The Parliamentary Committee on Information Technology asked IT Ministry officials about proposed amendments to the IT Rules that would place more burdens on platforms, as well as the impact of a Supreme Court strikedown of rules that previously punished online publishers more strictly.
The questions came alongside the committee’s decision on Monday to deny entry to officials of Twitter India who were sitting outside the venue and instead call upon Twitter’s CEO Jack Dorsey and other top company officials to a hearing on February 25.
The proposed IT amendments discussed at the committee meeting would force online platforms to “deploy automated tools … for proactively identifying or removing or disabling access to unlawful information” as well as mandate a traceability requirement that would break end-to-end encryption on platforms such as WhatsApp.
A day after the committee meeting, a WhatsApp official told a room of relevant stakeholders that the amended Section 79 rules would require the platform to “re architect our systems leading to a different product.”
With the proposed traceability, “we will have to collect much more data”, the official stated to the group in Delhi.
WhatsApp calls itself a “data lite” platform where it stores only the phone number used in the account along with publicly visible information like display picture and the names used there. It has no visibility on anything that happens with one-to-one chats or groups, which are encrypted from the device level.
The proposed amendments to the IT Act was first reported by The Indian Express last year in December. The proposed amendments to Section 79 of the IT Act have been receiving counter-comments after stakeholders submitted around 150 initial public comments.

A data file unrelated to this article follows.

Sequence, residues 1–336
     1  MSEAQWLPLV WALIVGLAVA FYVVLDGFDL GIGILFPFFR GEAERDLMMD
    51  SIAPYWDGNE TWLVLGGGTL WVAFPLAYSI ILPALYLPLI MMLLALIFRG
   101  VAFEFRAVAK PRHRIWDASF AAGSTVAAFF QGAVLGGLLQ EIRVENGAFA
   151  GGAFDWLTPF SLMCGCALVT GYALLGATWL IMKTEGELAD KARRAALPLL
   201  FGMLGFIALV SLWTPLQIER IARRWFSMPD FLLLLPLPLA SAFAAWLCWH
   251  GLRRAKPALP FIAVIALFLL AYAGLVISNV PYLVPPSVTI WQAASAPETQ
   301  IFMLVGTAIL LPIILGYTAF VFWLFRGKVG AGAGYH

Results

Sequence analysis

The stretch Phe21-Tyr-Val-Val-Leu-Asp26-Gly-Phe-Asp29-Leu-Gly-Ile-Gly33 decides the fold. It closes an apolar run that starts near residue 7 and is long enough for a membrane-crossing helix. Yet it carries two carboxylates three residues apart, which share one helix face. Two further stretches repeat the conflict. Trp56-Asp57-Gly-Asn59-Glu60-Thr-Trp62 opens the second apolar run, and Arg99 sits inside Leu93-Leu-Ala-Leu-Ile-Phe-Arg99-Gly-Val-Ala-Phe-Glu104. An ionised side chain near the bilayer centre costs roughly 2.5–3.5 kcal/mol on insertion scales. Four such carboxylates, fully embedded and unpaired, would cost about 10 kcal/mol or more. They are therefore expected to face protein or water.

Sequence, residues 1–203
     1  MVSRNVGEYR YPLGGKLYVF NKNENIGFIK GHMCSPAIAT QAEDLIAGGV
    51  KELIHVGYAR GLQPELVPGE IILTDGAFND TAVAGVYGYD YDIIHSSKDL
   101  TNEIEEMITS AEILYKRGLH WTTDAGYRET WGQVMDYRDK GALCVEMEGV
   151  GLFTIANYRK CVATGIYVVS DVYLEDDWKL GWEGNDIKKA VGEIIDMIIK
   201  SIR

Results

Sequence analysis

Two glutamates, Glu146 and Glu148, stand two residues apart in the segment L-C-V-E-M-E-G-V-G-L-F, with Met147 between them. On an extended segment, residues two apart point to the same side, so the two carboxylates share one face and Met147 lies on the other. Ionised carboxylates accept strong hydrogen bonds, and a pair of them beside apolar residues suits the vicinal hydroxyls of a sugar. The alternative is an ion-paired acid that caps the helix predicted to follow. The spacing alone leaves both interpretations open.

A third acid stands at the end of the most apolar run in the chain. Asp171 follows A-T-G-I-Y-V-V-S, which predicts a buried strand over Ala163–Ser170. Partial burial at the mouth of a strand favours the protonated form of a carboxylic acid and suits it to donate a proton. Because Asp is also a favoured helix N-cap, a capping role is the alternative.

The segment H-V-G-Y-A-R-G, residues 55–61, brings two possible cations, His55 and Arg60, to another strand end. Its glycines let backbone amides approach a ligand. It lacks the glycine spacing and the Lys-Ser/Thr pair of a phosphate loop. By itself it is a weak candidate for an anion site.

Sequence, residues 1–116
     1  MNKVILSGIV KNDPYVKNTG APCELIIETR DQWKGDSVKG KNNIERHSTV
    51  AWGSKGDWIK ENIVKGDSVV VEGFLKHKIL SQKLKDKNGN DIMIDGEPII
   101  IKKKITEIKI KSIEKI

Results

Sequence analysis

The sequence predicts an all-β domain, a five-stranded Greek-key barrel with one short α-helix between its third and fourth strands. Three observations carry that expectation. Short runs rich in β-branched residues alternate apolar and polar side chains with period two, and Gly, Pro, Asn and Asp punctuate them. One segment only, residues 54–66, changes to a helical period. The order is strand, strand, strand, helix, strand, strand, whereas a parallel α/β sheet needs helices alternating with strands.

In the parliamentary committee meeting, senior BJP Leader L K Advani asked IT Secretary Ajay Prakash Sawhney about the status of the amendments, to which the ministry official stated the process was still ongoing.
In addition, a set of questions by the committee submitted to the IT Ministry before the meeting included multiple questions about the Section 79 amendments.
A written question asked what the impact on malicious content has been after the Supreme Court struck down of Section 66A in the Information Technology Act in 2015. That section punished those who sent offensive or knowingly false messages to cause “annoyance, inconvenience, danger, obstruction,” and more.
In response to the question, the Ministry provided the language of Section 79, stating that intermediaries are required to “observe due diligence” and inform users not to share harmful, objectionable, or unlawful content.
In written questions submitted to Twitter, the committee also mentioned the Indian Express report outlining Indian government’s requests to the platform and the platform’s compliance rate. The proposed amendments also call for intermediaries to respond to government requests within 72 hours.
In the meeting with the WhatsApp official, the group discussed a new survey that showed roughly 40 per cent of respondents cared about anonymisation of data as well as data protection measures. The survey by thinktank Consumer Unity and Trust Society (CUTS) of 2,400 respondents across six states and various demographics also showed that respondents who didn’t use data protection tools cited that they didn’t know how to use them about 30 per cent more than they cited that they didn’t find it necessary.
Among the questions sent to Twitter before Monday’s meeting were the number of bot accounts, the number of suspended and fake accounts and efforts to curb “anti-social elements”. Twitter was also asked its views on the need for a regulator in India, whether it uses automation to combat fake news and trolls and its remedies against complaints in India about a lack of fairness in suspension of accounts.
In the committee meeting, members, particularly those from the BJP, wanted to know if social media players would be considered as media or a tech platform. Some members pointed out that since such companies had the power to select the content that appeared on their platforms, this makes them an algorithmic editor. Therefore, they should be considered media and potentially follow all rules meant for foreign media in the country, they said.